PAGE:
Tom Brady went skiing in Montana after the Super Bowl, had a super secret meeting with members of the Vancouver Canucks, and spent more than $8,500 on a winter pool cover.
Oh, so this is why Brady didn’t want to hand over his cellphone.
All those minute facts and more became public Tuesday evening when the NFL Players Association refiled an amended lawsuit against the NFL on Brady’s behalf.
US District Judge Richard Berman, who is handling Brady’s lawsuit against the NFL in the Southern District of New York, refused to let either party submit its evidence under seal, as a way to pressure both sides to settle outside of court.
The result is that 1,408 pages of Brady’s e-mails from his Patriots account, from last September through March, were entered into evidence and made available to anyone with a PACER (Public Access to Court Electronic Records) account.
Nothing too embarrassing or incriminating is in the e-mails — Brady doesn’t provide a smoking gun as far as having any knowledge of a scheme to deflate footballs, and all sensitive information was redacted. Hundreds of pages of the e-mails entail detailed game plans and private communications between Brady and offensive coordinator Josh McDaniels throughout the 2014 season — but they’re all blacked out. Brady calls McDaniels “bud” and “babe,” underscoring how they have more of a partnership than the traditional coach-player relationship.
But the e-mails slightly open a window inside the day-to-day minutiae of being a superstar quarterback, particularly one as private as Brady.
What did we learn about Brady? So little, yet so much:
■ On the Deflategate front, he received a lot of support from friends and family members over the explosion of the report following the AFC Championship game in January. When his friend J.J. Dudum wondered why the media was making such a big deal out of the incident, he replied, “we are the patriots everything is a big deal.”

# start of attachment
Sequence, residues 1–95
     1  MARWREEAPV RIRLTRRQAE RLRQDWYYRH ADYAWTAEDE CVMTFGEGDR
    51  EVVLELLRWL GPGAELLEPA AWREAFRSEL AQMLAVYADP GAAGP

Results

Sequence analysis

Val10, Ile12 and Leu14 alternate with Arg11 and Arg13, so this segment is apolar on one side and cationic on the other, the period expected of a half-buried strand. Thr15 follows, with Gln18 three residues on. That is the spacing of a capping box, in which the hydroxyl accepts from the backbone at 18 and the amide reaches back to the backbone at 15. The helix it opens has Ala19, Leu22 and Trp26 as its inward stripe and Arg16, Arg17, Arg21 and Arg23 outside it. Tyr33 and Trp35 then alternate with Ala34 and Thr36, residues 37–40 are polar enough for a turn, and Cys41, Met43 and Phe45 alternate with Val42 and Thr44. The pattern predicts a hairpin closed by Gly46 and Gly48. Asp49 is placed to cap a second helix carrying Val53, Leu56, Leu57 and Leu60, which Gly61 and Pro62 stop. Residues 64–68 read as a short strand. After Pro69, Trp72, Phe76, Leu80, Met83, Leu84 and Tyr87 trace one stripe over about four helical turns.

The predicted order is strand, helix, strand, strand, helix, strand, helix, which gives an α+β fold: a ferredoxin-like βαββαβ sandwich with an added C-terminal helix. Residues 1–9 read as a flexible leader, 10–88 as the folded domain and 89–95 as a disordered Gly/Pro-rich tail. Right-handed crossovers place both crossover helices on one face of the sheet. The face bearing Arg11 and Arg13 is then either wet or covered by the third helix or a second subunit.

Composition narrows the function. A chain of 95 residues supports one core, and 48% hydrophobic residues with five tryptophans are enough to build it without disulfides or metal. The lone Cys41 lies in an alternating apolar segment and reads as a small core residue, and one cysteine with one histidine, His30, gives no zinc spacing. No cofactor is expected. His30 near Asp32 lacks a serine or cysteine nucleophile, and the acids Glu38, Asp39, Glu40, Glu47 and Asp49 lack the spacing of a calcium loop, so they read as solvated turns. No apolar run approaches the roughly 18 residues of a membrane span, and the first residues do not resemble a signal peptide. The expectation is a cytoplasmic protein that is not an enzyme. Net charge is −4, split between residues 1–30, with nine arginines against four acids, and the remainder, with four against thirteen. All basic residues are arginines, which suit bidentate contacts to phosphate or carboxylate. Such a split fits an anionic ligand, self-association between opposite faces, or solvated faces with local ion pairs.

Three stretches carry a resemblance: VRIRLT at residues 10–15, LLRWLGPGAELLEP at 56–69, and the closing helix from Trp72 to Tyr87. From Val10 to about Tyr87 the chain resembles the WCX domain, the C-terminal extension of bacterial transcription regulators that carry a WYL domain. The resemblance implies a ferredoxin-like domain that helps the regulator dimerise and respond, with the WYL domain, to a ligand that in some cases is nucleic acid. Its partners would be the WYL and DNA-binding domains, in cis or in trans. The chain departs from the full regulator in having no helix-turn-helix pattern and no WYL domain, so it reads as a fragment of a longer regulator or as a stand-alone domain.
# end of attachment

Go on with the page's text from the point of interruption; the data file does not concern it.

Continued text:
Brady received congratulations from Father Tom, his priest at Junipero Serra (Calif.) High School. Father Tom asked Brady if he would write a book with him in 2012 about Brady’s relationship with his former quarterback coach, Tom Martinez, who died that year.
“Books are a project that I’m not prepared to confront yet,” Brady responded.
He was asked about ESPN commentator Mark Brunell, a former Pro Bowl quarterback who has been vocal in his belief that Brady and the Patriots were caught redhanded in Deflategate. “He’s a patriot hater. They all are!!!!” Brady replied.
And Brady also heard from assistant US attorney Eric Christofferson after Brady’s Jan. 22 news conference. “The sanctimonious finger wagging over deflation might be the most absurd thing I have seen the media do, which is saying something,” Christofferson wrote. “Some of the questions TB was asked today were more obnoxious than a congressional hearing.”
■ Brady also received an interesting e-mail a few hours before his Jan. 22 news conference from his close friend Will McDonough (no relation to the former Globe NFL writer), warning him that Patriots coach Bill Belichick had put the spotlight squarely on Brady.
McDonough forwarded Brady a report prepared by a Boston behavioral assessment company that explained how Brady’s answers on a radio show the morning after the game gave the impression that he had something to hide.